When I was growing up, February 14th wasn't significant solely for the fact that it was Valentine's Day. No, it was also important because it marked the day-before-my-half-birthday. Half birthdays are a big deal to kids as a whole, but they are an even bigger deal to kids who were born during the summer, at least those who attended Stuart Country Day School of the Sacred Heart during the 80s.
In my third-grade mind, summer birthdays were a sure thing, a sure thing that I wouldn't need to go to school on my special day. The problem was, I wouldn't get to go to school on my special day, which meant that I wouldn't get to bring cupcakes to class, and have everyone sing "Happy Birth-day dear Ju-lie!", and avoid getting called up to do word problems on the blackboard....because it was my birthday. Teachers never made you do word problems on your birthday. That was pretty much the only downside of a summer birthday, but it was a big enough downside to matter.
Fortunately, Sister Magnetti, our Headmistress, was aware of this majorly pressing issue. Perhaps this was because she too had a summer birthday, and she didn't want us to suffer the way that she had suffered. I can't say for sure. Whatever the reason, she instated a rule that allowed any student with a summer birthday to bring cupcakes to school on their half-birthday instead. There was even a "weekend clause": If said student's half-birthday falls during a Saturday or Sunday, then the celebration will occur on the following Monday. I'm telling you, this lady thought of everything. Yeah, Sister Magnetti was pretty much the bomb....or I guess she was "rad" back then.
So Valentine's week was always a busy one for me. Not only did I need to fill out Valentine's Day cards for all of the kids in my class, I needed to tape some little conversation hearts to each card (everyone knew that the best Valentines were the bumpy ones--they contained candy too.) Not only did I need to make cards for my family, but I needed to locate an empty shoebox in my mom's closet, out of which I would fashion a hot pink Valentine receptacle. Well, most times the shoebox would be full, but I'd empty it.....sorry mom.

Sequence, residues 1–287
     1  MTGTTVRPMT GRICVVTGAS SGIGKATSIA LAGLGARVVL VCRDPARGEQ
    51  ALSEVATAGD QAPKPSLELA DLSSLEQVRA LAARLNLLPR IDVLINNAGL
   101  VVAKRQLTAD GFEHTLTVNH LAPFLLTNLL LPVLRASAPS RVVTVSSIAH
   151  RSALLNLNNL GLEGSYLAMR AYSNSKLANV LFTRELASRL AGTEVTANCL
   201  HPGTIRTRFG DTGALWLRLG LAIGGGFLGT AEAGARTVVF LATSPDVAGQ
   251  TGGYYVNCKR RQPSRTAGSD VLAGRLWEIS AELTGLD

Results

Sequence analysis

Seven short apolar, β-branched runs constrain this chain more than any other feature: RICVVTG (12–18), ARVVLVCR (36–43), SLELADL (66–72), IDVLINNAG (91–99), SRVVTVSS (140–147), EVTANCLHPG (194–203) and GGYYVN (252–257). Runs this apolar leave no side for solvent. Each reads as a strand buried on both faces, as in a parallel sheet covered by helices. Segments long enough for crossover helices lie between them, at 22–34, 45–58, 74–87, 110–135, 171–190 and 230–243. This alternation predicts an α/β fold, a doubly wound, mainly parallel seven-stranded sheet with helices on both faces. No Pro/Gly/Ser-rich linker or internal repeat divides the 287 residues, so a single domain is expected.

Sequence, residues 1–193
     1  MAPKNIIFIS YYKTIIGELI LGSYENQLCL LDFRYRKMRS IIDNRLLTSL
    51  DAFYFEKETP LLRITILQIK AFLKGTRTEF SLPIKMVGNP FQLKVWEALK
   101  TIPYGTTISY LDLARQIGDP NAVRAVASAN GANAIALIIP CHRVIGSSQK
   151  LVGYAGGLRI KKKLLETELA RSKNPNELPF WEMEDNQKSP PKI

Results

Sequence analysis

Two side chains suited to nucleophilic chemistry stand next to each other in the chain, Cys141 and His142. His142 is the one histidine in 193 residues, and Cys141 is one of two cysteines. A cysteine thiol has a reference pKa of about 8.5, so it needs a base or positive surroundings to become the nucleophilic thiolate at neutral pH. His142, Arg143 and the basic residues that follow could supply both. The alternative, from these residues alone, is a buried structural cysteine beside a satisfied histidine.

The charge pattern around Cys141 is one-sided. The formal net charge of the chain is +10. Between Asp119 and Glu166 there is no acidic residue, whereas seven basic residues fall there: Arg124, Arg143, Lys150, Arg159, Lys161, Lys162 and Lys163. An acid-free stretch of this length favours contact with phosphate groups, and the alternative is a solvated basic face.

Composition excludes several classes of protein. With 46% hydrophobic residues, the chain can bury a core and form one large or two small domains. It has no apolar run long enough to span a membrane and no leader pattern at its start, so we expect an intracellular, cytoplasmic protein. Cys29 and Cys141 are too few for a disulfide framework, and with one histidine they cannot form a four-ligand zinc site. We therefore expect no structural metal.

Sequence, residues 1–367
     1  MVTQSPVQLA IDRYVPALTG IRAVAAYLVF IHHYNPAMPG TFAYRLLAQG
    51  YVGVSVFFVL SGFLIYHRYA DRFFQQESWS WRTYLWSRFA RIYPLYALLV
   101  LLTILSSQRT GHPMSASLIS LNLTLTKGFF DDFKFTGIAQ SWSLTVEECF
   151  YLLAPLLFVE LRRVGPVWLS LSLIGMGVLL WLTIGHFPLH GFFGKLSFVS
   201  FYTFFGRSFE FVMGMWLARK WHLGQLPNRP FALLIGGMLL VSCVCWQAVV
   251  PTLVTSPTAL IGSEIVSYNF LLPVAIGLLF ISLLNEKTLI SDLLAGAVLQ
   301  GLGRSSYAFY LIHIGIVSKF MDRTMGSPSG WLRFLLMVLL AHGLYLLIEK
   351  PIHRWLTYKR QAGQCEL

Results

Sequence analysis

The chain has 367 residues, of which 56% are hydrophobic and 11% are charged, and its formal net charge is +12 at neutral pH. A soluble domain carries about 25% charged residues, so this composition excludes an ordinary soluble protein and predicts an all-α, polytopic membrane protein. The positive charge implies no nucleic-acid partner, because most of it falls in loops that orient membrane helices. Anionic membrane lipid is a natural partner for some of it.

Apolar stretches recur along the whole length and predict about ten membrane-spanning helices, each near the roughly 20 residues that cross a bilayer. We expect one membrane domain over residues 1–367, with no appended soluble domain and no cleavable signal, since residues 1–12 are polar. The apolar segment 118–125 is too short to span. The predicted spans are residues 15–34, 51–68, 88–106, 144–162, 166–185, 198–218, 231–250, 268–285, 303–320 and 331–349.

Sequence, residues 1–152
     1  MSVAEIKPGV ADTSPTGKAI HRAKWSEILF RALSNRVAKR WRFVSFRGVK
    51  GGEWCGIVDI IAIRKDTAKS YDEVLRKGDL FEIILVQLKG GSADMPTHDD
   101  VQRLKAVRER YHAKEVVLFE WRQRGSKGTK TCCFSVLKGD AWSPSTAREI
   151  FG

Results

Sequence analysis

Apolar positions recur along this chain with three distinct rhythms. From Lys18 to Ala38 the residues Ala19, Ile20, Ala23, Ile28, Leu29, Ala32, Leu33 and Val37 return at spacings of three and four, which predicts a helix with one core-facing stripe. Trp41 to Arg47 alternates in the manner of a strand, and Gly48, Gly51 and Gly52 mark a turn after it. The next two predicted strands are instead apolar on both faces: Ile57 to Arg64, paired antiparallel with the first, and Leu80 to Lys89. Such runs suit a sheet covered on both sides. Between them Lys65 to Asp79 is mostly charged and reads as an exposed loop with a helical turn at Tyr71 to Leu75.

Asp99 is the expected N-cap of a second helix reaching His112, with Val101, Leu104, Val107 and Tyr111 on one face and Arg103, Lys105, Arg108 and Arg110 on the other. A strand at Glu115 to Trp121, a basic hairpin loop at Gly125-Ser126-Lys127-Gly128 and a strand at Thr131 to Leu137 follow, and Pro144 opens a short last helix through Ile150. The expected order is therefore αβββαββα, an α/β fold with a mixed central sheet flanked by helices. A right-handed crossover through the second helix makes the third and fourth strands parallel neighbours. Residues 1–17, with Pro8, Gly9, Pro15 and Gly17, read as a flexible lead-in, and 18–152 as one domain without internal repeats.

Not only did I need to make heart-shaped sugar cookies for (ironically) my Brownie troop, I also needed to make some really yummy cupcakes to bring to school on the 15th. I'll tell ya, the life of a third grader is nothing if not hectic.
One year, I brought in those cupcakes that were baked in an ice cream cone, because those were de rigueur with all the hip eight-year-olds. Unfortunately, they are also impossible to transport, with most of them tipping over by the time I arrived at school. Other years, we just did (gasp!) boxed cake mix and sprinkles. It's not like I was serving them to Jacques Torres. Kids aren't really that discerning when it comes to cupcakes.
It probably won't shock you to know that I no longer celebrate my half-birthday, which usually creeps up on me. These days, I just try to ignore it, hoping that it will go away. On the other hand, why not still acknowledge the inevitable with a cupcake? Or better yet, a cupcake and a cake?
I love anything butterscotch, which is fairly obvious from the composition of this recipe. Butterscotch cake. Butterscotch buttercream. Butterscotch sauce. Yes, its trademark salty-sweet-creamy flavor is everywhere. The recipe is incredibly rich. Try to avoid adding up all of the butter in your head--trust me, it's a lot. My original plan was to only make the heart-shaped cake from this recipe, but I had quite a bit of batter left over, enough to make a dozen cupcakes. Voila! Cake for Valentine's Day. Cupcakes for half-birthday. You can skip the singing though. Here are a few extra tips for making this sinful sweet for your sweetie:
- The finished cake will keep for up to two days, covered and chilled in the refrigerator. Allow it to sit at room temperature for 30 minutes prior to serving. The cupcakes are best eaten the day that they are prepared.
- If you don't have a heart-shaped pan, you can prepare the cake using a deep eight-inch cake pan. You can also make a (very tall!) 9-inch cake by dividing the batter among three 9-inch cake pans. In this case, there will not be enough batter to make cupcakes too.